Halloween arrived in the North American with the Irish immigrants. With them came traditions that at first glance seem odd, but have become more widespread as the holiday becomes more popular; party games, fortune telling, turnip carving, and the kids favorite of playing tricks on others.
Diving for apples has become one of the more popular games among gentlemen. Placing several apples in a wash bin full of water and attempting the snatch the apple with ones teeth. Another game of catching an apple, involves attaching a stick to the ceiling by a string around the middle, then a lighted candle is placed on one and, and an apple on the other and the contraption is spun. The party goers attempt to catch the apple by their teeth without being burned. Finally, the gentlemen would play a game known as "Trying for the Raisin." In this game, a good-sized raisin was strung onto the middle of a yard long cotton string. The two competitors then took one end each of the string into their mouths and began to chew. The first person to reach the raisin was the winner.
When it comes to the women, they seem more inclined towards the fortune telling games. A popular one is "Three Luggies", in which three bowls are laid out, one with clear water, one with milky water, and one empty. The player is blindfolded and led up to the bowls, at which point is attempts to dip her hands into one. She is to do this three times, and if she dips her hand into the same bowl twice that is her destiny. If it be the clear water, she will marry a bachelor, if it is the milky water, she will marry a widower, and if it is the empty bowl, she will be single for her life. Another popular game involves eating an apple in front of a mirror, and before the apple is gone the reflection of the man she would marry would appear behind her in.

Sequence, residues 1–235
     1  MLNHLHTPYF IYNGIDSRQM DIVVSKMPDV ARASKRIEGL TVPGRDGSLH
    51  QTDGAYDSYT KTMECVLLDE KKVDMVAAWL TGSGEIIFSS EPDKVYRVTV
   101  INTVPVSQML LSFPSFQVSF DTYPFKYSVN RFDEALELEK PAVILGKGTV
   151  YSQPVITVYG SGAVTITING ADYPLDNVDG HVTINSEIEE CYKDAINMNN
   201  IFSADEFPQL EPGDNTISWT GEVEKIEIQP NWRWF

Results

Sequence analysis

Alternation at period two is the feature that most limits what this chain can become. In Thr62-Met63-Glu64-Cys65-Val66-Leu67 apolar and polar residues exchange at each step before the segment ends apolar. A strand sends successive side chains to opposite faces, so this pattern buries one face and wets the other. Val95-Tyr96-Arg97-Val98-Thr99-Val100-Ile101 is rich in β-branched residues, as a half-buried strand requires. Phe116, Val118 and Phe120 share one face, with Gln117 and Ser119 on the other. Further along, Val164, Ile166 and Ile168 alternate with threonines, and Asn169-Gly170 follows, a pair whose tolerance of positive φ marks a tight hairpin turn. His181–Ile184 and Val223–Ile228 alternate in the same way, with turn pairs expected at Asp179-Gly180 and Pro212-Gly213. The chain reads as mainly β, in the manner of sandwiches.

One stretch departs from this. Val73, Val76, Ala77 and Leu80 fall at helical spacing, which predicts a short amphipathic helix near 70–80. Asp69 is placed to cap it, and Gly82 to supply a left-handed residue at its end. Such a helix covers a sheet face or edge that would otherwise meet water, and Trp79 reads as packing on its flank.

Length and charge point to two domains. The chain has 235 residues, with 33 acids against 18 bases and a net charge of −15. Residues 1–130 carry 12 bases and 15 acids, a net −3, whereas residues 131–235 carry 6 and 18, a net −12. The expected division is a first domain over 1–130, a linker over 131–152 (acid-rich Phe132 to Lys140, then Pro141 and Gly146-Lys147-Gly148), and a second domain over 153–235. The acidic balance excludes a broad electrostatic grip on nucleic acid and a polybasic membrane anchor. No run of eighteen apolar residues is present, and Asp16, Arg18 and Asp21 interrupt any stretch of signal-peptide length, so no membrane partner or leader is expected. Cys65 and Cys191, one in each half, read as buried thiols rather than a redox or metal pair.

For the children, and sometimes young men, there is the tradition of playing tricks on others. One common tradition is for a child that has been wronged by an adult is to run up to the house of the offender, knock on the door, and when the offender opens the door the child throws flour into the face of the old grump.
Finally, the carving of turnips was a common tradition in Ireland. However, having arrived on the shores of the New World they have discovered that squash, in particular pumpkins are much better suited. You simply remove the seeds and meat, leaving enough for it to maintain its shape, carve a face onto one side and place a lit candle within. The result is a glowing visage sure to scare off the spirits of the season.
Notes - You can read more about 19th century Halloween Customs at the following links.